A further rookie reports that the “ton of hands-on experience, particularly given the number of hours you are expected to work”, easily makes up for the lack of “formal classroom training”. We’re also told that “if you’re aggressive and willing to get involved and to take transactions by the horns, there is ample opportunity to learn and develop”.

The US giant’s lean teams are said to readily yield “incredibly complex and engaging work”. The general rule appears to be that “trainees are offered as much responsibility and exposure as they would like and can handle”. Plus “trainees are able to take ownership of more stimulating elements of transactions at a very early stage, and are actively encouraged to be vocal about the kinds of projects and tasks which we feel would be beneficial to our development as lawyers”.

But be warned, the quality of work can vary between departments. The firm’s “private equity and debt finance work is the most interesting and complex in the market bar none,” one rookies trumpets. “Bread and butter transactional departments perhaps not so much for juniors.” One junior offers this insight: “As a junior, while I am still expected to do most of the trainee level work on my deals (given the very limited number of trainees at the firm and no paralegals in my team), I am also given lots of work well above my level and people are keen to make sure you understand what’s going on so you can contribute as much as possible. I feel like an integral part of my team and am given a leading role on key work-streams so I can take ownership. It is a pretty energetic place to work.”

Meanwhile, you will be working under some of the top lawyers in their fields and, contrary to popular belief, the partners are reportedly very friendly. “The partners are great and really approachable both in a general social sense and in terms of professional development,” one source explains. “We’re all part of the same team and everyone goes to socials together, chats around the office, etc. which makes for a good working environment but the big thing I’ve noticed is that (very busy) seniors will also take time to invest in your development and answer your technical questions if you take the initiative to approach them.”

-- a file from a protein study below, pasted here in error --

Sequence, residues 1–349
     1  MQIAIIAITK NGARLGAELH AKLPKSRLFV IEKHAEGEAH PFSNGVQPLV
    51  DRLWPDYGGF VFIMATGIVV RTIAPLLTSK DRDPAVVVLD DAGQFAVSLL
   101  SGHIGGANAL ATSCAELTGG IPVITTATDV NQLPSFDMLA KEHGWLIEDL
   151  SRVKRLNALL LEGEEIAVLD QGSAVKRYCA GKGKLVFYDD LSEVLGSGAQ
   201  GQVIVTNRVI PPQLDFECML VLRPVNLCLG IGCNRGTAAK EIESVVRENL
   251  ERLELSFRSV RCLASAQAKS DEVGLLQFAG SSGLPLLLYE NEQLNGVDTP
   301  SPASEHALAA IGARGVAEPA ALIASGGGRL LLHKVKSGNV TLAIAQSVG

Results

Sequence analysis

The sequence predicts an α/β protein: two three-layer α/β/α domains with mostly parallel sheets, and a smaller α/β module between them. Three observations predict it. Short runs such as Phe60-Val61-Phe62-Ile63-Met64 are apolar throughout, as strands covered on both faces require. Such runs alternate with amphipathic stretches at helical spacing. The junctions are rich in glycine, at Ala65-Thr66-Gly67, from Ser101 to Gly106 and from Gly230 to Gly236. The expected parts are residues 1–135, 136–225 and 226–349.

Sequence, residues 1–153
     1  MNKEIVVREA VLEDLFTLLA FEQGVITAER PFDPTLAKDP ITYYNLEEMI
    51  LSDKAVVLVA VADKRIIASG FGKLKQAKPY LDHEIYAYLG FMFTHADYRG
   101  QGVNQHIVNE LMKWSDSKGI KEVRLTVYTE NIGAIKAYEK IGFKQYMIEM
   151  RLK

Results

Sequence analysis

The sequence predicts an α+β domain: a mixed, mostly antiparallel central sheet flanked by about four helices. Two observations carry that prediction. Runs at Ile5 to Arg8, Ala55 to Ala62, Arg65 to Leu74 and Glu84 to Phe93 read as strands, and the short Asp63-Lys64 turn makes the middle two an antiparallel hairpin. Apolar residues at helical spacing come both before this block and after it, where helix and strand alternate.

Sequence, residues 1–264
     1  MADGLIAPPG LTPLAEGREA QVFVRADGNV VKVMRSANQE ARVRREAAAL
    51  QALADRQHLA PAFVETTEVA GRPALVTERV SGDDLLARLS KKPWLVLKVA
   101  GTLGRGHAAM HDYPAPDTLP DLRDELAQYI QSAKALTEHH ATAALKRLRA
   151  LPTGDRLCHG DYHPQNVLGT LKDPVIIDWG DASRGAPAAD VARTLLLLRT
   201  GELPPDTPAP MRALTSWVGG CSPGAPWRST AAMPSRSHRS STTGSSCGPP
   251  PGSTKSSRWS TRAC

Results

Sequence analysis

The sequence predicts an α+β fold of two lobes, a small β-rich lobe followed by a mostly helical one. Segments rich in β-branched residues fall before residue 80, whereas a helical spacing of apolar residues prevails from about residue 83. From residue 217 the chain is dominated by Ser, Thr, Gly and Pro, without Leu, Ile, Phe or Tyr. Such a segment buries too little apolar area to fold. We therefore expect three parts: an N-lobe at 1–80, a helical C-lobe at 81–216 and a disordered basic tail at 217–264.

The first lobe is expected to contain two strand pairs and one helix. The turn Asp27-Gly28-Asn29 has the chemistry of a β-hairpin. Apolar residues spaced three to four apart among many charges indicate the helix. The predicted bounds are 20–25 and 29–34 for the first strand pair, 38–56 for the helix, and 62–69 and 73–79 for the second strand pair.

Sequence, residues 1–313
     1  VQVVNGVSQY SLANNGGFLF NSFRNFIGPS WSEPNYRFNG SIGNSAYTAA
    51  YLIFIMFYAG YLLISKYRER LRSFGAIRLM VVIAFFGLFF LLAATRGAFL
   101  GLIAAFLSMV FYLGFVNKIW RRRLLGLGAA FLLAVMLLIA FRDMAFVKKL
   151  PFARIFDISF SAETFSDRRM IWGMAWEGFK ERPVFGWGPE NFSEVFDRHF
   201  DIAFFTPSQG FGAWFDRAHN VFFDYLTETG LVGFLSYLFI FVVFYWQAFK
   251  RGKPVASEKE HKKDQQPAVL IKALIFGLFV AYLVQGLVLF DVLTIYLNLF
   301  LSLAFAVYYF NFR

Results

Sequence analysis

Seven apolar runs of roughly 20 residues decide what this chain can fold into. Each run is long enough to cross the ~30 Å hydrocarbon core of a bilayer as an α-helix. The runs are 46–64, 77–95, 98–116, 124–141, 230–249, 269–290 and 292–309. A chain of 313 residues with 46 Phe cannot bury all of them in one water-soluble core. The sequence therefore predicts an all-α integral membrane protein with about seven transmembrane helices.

But, again, the go-getter type is essential to thriving in the firm which, Legal Cheek is told, operates as a fiercely competitive meritocracy. “Don’t expect much interaction if you aren’t engaging and bold,” explains one insider. Another claims that “if you weren’t working 2,000-2,500 in billables a year you were under capacity, anything less than 50 hours a week to a client is evidence that you might get ripped into corporate M&A deals, regardless of what seat you sit in”.